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State Sen. Julie Slama quarantined in balcony after coronavirus exposure

State Sen. Julie Slama quarantined in balcony after coronavirus exposure

Julie Slama

State Sen. Julie Slama sits in isolation in the Nebraska Legislature on Monday after her family tested positive for COVID-19. She has so far tested negative.

The World-Herald’s Statehouse reporters round up news highlights from the Legislature and state government into the Capitol Digest — a daily briefing for the political newshound with a busy schedule.

Legislative quarantine

State Sen. Julie Slama of Peru spent Monday quarantined in the east balcony of the legislative chamber after being exposed to the coronavirus.

Speaker of the Legislature Jim Scheer of Norfolk announced early in the day that members of her family had tested positive for the coronavirus. He said Slama tested negative, but, out of an abundance of caution, he had asked her to stay away from her colleagues until she can be retested midweek. The second test should pick up any infection that the first test might have been too early to catch.

The Legislature’s coronavirus plan included setting aside the east balcony for any lawmakers who might test positive but want to continue to participate. Slama is the first to use it so far.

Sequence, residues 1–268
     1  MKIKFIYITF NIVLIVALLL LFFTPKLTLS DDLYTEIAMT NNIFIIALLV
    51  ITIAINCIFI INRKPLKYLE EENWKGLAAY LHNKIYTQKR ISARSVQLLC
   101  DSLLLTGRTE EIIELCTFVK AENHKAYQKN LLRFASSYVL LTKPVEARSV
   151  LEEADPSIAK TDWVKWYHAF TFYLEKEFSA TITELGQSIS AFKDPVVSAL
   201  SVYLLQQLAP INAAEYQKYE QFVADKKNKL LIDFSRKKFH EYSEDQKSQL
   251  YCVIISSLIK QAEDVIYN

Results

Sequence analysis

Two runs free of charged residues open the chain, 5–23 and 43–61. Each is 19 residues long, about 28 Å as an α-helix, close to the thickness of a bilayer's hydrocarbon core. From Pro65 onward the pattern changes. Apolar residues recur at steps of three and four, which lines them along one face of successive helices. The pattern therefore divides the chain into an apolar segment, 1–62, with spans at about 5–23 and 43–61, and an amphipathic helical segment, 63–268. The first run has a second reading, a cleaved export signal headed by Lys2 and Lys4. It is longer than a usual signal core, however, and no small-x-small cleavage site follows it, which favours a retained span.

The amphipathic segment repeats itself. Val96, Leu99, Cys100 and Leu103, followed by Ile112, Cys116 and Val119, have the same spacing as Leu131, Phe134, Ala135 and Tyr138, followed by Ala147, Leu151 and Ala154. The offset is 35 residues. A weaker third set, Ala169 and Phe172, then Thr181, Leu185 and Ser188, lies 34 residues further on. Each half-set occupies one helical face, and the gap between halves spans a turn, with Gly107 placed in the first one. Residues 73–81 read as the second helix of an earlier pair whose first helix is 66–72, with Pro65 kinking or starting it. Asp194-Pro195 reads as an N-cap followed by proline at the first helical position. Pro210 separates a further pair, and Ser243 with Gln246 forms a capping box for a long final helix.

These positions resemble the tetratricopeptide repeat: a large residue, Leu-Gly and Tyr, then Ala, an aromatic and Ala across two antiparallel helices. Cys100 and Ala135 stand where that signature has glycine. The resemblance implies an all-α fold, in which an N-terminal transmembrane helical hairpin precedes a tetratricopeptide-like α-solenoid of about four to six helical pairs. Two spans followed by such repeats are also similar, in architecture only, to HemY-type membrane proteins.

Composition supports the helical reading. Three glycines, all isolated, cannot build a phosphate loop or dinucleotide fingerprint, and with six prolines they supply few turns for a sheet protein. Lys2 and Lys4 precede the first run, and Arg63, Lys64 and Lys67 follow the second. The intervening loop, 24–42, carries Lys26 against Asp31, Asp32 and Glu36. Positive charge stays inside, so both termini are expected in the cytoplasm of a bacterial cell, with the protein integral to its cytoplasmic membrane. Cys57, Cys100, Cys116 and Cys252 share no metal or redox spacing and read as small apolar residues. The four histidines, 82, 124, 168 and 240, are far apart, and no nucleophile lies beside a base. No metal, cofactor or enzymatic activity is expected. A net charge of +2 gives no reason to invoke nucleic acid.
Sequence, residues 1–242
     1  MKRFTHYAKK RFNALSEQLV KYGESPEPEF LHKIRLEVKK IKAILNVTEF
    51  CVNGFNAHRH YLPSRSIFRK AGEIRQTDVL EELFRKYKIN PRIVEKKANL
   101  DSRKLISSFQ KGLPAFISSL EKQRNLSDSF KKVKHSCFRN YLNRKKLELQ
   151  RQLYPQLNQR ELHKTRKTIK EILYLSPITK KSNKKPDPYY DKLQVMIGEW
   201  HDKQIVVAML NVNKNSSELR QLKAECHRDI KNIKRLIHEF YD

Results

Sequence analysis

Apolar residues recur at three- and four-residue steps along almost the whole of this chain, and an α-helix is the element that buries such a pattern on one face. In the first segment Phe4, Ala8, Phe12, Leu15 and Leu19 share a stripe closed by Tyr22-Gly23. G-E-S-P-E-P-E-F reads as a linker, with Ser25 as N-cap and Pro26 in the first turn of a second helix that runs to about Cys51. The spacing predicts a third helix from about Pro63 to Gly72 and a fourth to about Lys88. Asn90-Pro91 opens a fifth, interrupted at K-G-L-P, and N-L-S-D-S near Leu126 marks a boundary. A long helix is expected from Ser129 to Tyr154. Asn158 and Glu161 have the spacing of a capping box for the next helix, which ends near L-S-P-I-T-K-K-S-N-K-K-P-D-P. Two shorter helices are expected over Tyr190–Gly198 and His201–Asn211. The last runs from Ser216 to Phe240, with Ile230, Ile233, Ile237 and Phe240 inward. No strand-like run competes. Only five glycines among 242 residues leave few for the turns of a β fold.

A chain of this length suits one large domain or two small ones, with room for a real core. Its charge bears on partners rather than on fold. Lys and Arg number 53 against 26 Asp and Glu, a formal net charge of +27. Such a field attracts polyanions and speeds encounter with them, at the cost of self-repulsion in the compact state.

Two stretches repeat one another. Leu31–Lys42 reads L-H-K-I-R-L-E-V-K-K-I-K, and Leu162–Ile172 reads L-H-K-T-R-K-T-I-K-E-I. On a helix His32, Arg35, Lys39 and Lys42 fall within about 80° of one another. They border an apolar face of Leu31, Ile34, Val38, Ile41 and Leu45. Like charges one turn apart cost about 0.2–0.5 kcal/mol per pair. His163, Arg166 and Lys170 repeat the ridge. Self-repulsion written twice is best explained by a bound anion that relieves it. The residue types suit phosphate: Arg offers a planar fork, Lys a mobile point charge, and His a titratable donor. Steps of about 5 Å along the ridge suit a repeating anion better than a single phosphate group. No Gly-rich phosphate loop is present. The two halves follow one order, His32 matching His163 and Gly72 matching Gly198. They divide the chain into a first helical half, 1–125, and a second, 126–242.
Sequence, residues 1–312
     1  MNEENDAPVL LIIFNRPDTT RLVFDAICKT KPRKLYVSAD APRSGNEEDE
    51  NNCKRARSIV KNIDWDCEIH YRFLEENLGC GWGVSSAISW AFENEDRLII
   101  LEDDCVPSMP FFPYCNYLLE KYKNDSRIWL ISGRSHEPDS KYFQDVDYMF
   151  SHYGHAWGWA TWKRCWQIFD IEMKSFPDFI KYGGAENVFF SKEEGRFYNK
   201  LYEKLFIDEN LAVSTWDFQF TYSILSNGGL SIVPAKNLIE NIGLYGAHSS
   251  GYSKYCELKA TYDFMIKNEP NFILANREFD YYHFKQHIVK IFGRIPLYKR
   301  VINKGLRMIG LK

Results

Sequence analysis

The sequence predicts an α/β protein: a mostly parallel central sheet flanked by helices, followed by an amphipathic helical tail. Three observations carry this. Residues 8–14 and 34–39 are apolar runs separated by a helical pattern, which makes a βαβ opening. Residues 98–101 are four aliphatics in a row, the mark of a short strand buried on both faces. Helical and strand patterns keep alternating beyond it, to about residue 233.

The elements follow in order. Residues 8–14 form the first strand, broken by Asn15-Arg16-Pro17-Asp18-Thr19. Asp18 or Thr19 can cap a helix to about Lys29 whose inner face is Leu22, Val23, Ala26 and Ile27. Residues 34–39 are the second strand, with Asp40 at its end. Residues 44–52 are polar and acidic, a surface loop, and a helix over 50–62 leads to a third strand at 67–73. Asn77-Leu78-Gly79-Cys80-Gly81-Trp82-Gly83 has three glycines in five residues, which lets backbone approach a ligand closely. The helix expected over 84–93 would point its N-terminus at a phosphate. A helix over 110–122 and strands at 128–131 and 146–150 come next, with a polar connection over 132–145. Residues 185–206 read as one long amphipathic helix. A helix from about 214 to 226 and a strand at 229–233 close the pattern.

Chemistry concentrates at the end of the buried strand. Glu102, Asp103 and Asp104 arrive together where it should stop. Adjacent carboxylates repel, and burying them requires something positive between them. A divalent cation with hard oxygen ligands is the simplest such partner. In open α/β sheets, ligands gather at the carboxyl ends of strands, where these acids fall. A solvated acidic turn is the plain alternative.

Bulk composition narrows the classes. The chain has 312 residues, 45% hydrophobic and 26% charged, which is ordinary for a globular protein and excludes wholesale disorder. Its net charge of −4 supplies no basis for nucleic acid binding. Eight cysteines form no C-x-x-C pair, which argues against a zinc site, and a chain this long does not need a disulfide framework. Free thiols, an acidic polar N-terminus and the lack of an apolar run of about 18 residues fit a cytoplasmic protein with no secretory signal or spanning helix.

Horse racing claims

Nebraska lawmakers voted Monday to have the State Racing Commission pay $50,000 in attorney fees out of its own cash fund rather than tap the state general fund.

The money would reimburse the private attorneys who defended the commission in lawsuits over machines that allow people to gamble on historical horse races. Nebraska Attorney General Doug Peterson brought the suits after the commission approved installation of the machines at Fonner Park racetrack in Grand Island.

In February, a judge blocked the installation, ruling that the attorney general likely would prevail in his argument that the machines were unconstitutional and the commission did not have the power to authorize them.

The commission then sought help through the state’s claims process to pay some of the legal fees. The agency’s claim was based on a law allowing the state to pay when agencies lack money in their own budget to cover legal awards, settlements and associated costs. The cost had been included in the annual state claims bill.

Sen. Mike Hilgers of Lincoln, who offered the amendment to have the commission pay, said the commission’s cash fund had about $90,000 in it and should be able to cover the cost. But Sen. John Stinner of Gering, the Appropriations Committee chairman, warned that the commission may have outstanding expenses to pay from that cash fund.

After approving Hilgers’ amendment on a 26-18 vote, lawmakers advanced the state claims bill to the final stage of consideration. The bill includes a payment of $850,000 to two Lincoln women injured by convicted rapist Armon Dixon in 2016 after he and another inmate hid in a laundry truck to escape from the Lincoln Correctional Center.

Capitol Digest 2020 reporters capitoldigest

Omaha World-Herald reporters Paul Hammel and Martha Stoddard.

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Martha Stoddard keeps legislators honest from The World-Herald's Lincoln bureau, where she covers news from the State Capitol. Follow her on Twitter @StoddardOWH. Phone: 402-473-9583.

Reporter - Regional/state issues

Paul covers state government and affiliated issues. He specializes in tax and transportation issues, following the governor and the state prison system. Follow him on Twitter @PaulHammelOWH. Phone: 402-473-9584.

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